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The Lost Art of Letter Writing


In this digital age, letter writing has slowly slipped away from us. I remember being a child and writing individual thank you letters with every gift. Thinking back I'm not entirely sure when that stopped. Maybe it was with age, or maybe it was the rise of mobile phones and social networks. Gradually over time, the letters stopped coming, postcards were no longer part of a typical family holiday and sadly the handwritten conversation became a thing of the past.

And then for my 24th birthday, my mum sent me a writing pad with matching envelopes and a pack of first class stamps. Living on the opposite side of the country has its downfalls and the 8-hour journey to my small southern hometown doesn't happen as often anymore. Enclosed the card read "I remember you used to love to write, so I'm sending you this writing set. I love the old fashioned way of keeping in touch, I hope you do too." Reading this it was almost as if I could hear her voice, I pictured her writing, stood in the kitchen. And instantly I knew that the art handwriting letters and sending them off in the hands of others was something that I needed to incorporate back into my life.

After my spurred interest, I started to do some reading online. I saw people's replies from penpals, great big bundles of old letters and photos left by family members. And then I stumbled upon an article by Catherine Field in The New York Times, called The Fading Art of Letter Writing. Beautifully written, Catherine describes the handwritten connection between herself and her mother-in-law.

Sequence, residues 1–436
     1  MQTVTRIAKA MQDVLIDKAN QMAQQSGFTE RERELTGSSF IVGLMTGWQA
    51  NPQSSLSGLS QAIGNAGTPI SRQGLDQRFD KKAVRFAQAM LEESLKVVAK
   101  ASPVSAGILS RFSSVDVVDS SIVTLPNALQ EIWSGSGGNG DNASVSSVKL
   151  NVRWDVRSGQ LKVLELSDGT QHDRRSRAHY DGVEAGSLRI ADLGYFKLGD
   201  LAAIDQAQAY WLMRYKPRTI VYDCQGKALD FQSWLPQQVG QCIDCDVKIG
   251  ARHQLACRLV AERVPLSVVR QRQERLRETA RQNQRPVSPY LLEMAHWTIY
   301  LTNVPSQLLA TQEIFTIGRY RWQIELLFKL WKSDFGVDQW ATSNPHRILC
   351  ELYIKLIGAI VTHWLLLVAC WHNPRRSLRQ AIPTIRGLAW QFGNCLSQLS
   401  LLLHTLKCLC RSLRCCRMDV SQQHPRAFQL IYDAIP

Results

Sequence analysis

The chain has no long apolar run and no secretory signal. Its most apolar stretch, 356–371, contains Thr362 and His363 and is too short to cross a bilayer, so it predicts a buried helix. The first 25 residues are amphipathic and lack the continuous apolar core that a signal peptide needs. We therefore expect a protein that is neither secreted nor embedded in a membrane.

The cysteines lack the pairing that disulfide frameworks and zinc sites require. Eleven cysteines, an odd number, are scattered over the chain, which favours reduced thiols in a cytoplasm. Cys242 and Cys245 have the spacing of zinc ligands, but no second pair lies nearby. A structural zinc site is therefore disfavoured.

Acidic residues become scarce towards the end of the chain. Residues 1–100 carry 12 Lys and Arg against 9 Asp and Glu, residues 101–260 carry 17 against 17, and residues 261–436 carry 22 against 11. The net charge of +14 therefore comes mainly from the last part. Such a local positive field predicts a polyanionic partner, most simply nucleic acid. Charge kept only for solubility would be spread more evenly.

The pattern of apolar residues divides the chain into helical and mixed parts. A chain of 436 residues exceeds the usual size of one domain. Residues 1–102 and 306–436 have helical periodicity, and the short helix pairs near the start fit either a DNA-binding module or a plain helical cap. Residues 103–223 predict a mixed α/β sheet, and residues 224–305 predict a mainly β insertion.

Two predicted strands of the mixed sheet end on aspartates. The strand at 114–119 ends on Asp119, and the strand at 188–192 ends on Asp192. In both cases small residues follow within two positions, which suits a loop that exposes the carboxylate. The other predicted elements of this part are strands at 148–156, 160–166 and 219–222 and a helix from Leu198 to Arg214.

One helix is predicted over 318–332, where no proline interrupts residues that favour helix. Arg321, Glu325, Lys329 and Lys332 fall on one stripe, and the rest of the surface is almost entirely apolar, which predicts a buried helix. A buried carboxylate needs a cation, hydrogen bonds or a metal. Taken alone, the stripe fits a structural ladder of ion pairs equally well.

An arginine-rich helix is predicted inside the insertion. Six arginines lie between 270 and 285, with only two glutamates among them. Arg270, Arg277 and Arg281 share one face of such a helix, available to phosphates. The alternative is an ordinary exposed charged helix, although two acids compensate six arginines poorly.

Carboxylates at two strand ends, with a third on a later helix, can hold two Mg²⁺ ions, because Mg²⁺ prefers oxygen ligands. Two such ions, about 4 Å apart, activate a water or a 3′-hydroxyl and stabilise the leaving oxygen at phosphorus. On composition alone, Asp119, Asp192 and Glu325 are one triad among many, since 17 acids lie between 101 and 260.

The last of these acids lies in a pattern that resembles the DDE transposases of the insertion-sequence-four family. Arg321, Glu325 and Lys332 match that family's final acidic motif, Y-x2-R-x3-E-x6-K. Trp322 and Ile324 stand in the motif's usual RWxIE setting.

A good handwritten letter is a creative act, and not just because it is a visual and tactile pleasure. It is a deliberate act of exposure, a form of vulnerability, because handwriting opens a window on the soul in a way that cyber communication can never do. You savor their arrival and later take care to place them in a box for safe keeping."
This paragraph explains in its entirety how I feel about letter writing. The personal connection, the time spent handwriting your feelings, opening your mind and soul onto a piece of unsuspecting paper.

Those words frozen in time can mean everything to someone, love letters, the last letters and the ones that remind us of the ones we cherish.







With all of this in mind, I've put together five reasons to start letter writing. If I can inspire one person, inspire one letter then this post has served its purpose.

1. Handwriting takes time. I am not ashamed to admit that I always draft cards and notes. And I am always truly thankful for the time spent. It brings a smile to my face and truly makes my day.

2. Handwriting is personal. It says a lot about your personality, exposes your vulnerabilities and forms a connection with those who read it. 

3. Letters last a lifetime. I have a box of special cards and notes that I couldn't bare to part with. And they will be here long after I am. 

4. Letters are exciting! Nowadays the postman comes bearing bills and spam, think of the excitement a handwritten envelope will bring. Much more than a notification.

5. And finally, think of all the beautiful stationery! I recommend starting with a nice set and then move onto post cards, return envelopes and stickers, the possibilities are endless.





I have personally been using the writing set pictured here. The Art File's Dachshund Letter Set - £5.95. The set includes ten embossed letterheads, ten continuation sheets and ten detailed envelopes.

To those of you that take inspiration from this, please let me know if you write anything either in the comments below or on twitter. It would love to hear about it!

What do you think about writing letters or notes? Is snail mail obsolete to us millennials?

Gem. x


Here are a few writing sets to get you started.

      

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